Settlement picture: The open south-east, favored by a dry climate, and the lowland areas south of the Pennine Mountains favored agriculture and, with the arrival of the Normans, were the preferred area for their market-oriented grain farming, combined with open fields and large villages. The more humid mountainous areas of the west and north with a more cattle-based economy, small group settlements or hamlets with arable inner fields around the settlement and a larger outer area used for pasturage stand out clearly. Hamlet-like group settlements with small interior corridors partially existed until the 19th century in the Celtic fringes of Scotland and Northern Ireland. In the Middle Ages, it was mainly the monasteries in the mountainous areas that practiced systematic inland colonization. The settlement image of the lowland areas has undergone a decisive change since the end of the Middle Ages through interconnections (Enclosure), which have been systematically promoted with government support since the 18th century. The result is the block-land landscape with individual farms and numerous large businesses, which is characteristic of many areas of Great Britain and Northern Ireland today and is structured by hedges or stone walls. Since the 18th century, many wealthy landowners created extensive landscape parks (garden art) around their country estates.
In the phase of early industrialization in the 18th century, mining and industry, which in some cases was still based on hydropower, led to the emergence of numerous commercial estates with urban house shapes. However, it was mostly the small, industrialized medieval towns that, with industrialization, grew into large cities in just a few decades. Its historical core, which developed into a business center in Victorian times, was surrounded by workers’ living quarters, interspersed with factories, in a concentric sequence in different periods and designs. The simple one Very tightly built-up early industrial quarters with row houses built on the back (back-to-back houses) followed on the outskirts by a zone of cellarless row houses with bay windows and small gardens from various Victorian periods. In the interwar period, extensive suburban settlements were built from terraced and semi-detached houses with front and back gardens, some of them based on the garden city concept (Garden city). With the help of green belts protected by building law, attempts have been made since the 1930s to limit further growth in large cities. Large-scale renovations have been carried out in the early industrial and Victorian inner cities since 1951, removing a large part of the old buildings and replacing them in part with high-rise buildings, but since 1970 mainly with modern, less dense single-family houses. Cities that were late to the industrial economy, such as B. Bristol and York, managed to keep their rich architectural heritage up to the present day.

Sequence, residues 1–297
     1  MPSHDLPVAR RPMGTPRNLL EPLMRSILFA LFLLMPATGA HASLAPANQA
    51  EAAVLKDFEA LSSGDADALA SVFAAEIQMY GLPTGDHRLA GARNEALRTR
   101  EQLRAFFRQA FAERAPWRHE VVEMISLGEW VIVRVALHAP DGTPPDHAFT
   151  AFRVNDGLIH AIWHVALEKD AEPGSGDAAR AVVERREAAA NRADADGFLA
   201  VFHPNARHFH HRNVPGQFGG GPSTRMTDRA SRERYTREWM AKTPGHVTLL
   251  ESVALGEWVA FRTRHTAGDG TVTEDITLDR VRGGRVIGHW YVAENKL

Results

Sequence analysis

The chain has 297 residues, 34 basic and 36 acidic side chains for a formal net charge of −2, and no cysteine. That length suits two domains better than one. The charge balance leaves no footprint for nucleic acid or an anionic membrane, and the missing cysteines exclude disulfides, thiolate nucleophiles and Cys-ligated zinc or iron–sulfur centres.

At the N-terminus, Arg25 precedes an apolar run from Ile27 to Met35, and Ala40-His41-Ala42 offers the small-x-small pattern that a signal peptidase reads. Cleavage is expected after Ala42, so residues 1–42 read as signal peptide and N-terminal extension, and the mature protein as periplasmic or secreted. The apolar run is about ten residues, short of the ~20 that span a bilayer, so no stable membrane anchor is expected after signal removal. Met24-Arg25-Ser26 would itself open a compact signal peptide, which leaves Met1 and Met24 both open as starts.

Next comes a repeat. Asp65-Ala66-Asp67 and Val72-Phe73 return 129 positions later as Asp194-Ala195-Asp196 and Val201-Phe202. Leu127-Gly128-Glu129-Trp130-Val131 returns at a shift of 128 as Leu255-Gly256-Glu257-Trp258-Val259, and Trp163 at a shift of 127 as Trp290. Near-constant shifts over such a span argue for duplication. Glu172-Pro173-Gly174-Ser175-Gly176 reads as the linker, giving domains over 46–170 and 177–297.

This also applies to many small rural towns, provided they did not come into the catchment area of urban agglomerations.
The garden city concept also became the basis for the New Towns founded after the Second World War. Many cities have undergone a conversion and redesign of formerly commercial and industrial areas. These industrial wastelands, which are largely located in the central areas of the cities and which have become dormant, have been transformed into modern locations with office, residential and leisure functions (museums, concert halls, multimedia learning locations) (including London Docklands, Salford Quays in Manchester, Cardiff Bay).